The students, all members of the student chapter of the Society of Automotive Engineers, built a B-modified stock race car from scratch.

Local stock car driver Dean Wille, a program alumnus, assisted with finding the frame and parts for the car. He also shared his expertise and taught them the value of developing relationships with sponsors. However, his greatest contribution was the one thing needed most - a driver.

Wille drove the car during the 2013 season with a respectable showing. Mechanical failures provided the student pit crew with opportunities to apply their skills.

With the reopening of the Central Missouri Speedway in May 2014, Wille was able to bring the car home. The culmination of two years of hard work, lessons learned and partnerships resulted in Wille and the SAE race car receiving the 2014 track season championship for the B-modified class.

"This has been the greatest challenge we've faced in our college careers," says Ryan Craig, president of the SAE chapter. "We've kept the team together, and we've realized our dream. We've learned to keep going and don't look back."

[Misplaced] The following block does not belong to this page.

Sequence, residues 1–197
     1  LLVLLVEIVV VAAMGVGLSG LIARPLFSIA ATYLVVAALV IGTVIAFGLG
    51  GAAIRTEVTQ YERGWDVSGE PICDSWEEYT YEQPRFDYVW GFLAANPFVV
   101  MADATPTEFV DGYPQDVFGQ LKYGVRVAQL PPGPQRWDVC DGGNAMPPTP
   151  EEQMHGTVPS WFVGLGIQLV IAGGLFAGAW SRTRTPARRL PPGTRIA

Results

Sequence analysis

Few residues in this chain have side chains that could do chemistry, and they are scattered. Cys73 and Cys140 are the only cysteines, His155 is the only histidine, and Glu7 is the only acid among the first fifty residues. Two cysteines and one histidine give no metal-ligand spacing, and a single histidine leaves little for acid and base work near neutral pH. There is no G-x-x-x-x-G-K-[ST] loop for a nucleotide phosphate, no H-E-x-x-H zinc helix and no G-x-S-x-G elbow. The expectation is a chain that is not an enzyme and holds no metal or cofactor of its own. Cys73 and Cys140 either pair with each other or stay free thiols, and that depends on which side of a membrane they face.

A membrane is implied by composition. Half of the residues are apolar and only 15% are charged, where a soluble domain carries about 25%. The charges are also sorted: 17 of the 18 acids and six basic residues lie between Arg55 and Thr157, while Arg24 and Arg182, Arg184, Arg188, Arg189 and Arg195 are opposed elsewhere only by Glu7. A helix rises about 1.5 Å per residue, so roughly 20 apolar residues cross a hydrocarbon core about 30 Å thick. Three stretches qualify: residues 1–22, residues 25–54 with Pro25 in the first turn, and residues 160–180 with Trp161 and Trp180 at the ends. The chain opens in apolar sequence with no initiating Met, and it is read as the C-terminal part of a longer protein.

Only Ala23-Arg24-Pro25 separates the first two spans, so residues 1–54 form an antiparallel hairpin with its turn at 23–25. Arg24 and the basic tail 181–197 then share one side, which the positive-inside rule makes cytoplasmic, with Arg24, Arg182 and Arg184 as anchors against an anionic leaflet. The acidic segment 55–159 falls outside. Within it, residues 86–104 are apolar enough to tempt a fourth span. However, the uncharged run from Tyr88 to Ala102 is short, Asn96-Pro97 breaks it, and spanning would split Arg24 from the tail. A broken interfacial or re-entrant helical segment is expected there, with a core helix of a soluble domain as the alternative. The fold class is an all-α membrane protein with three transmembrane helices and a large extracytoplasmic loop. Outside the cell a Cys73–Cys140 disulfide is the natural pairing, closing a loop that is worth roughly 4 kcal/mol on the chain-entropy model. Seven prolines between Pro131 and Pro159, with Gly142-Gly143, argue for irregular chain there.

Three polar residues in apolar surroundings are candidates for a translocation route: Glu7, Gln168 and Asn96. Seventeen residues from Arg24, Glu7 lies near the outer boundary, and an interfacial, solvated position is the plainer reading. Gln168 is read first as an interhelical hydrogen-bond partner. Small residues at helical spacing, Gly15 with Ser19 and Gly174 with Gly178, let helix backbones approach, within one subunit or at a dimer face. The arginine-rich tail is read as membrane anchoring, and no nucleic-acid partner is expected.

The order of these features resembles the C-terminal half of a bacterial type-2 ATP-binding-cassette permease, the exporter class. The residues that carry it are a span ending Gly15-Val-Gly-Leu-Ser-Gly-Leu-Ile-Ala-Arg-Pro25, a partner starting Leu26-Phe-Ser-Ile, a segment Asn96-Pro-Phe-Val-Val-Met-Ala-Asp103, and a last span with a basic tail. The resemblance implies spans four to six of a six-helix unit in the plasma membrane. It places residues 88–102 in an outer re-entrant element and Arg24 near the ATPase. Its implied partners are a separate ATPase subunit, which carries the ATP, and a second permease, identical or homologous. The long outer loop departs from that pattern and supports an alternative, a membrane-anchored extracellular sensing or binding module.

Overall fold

Students in the Automotive Technology Management program are learning to a greater degree through the SAE Racing Team.

Newly Renovated Food Lab Enhances Students' Learning Experience

Students gain hands-on experience in the newly renovated food lab under Chef Karen Breshears' (left) instruction.

UCM students in the Dietetics, Hotel and Restaurant Management, and Family and Consumer Science programs returned to class this fall to discover a state-of-the-art learning facility for food-prep and experimental foods classes.

The Department of Nutrition and Kinesiology completed a $443,000 remodel of its food lab. The three-month renovation project includes new floors, cabinets, countertops and more student workspace and new appliances.

"The biggest difference is the feeling of being in this new class environment," says senior Dietetics student Jonna Palmer. "Before, I felt like I was in an apartment kitchen. Now, the equipment is uniform and industrial, similar to what you would find in the workforce."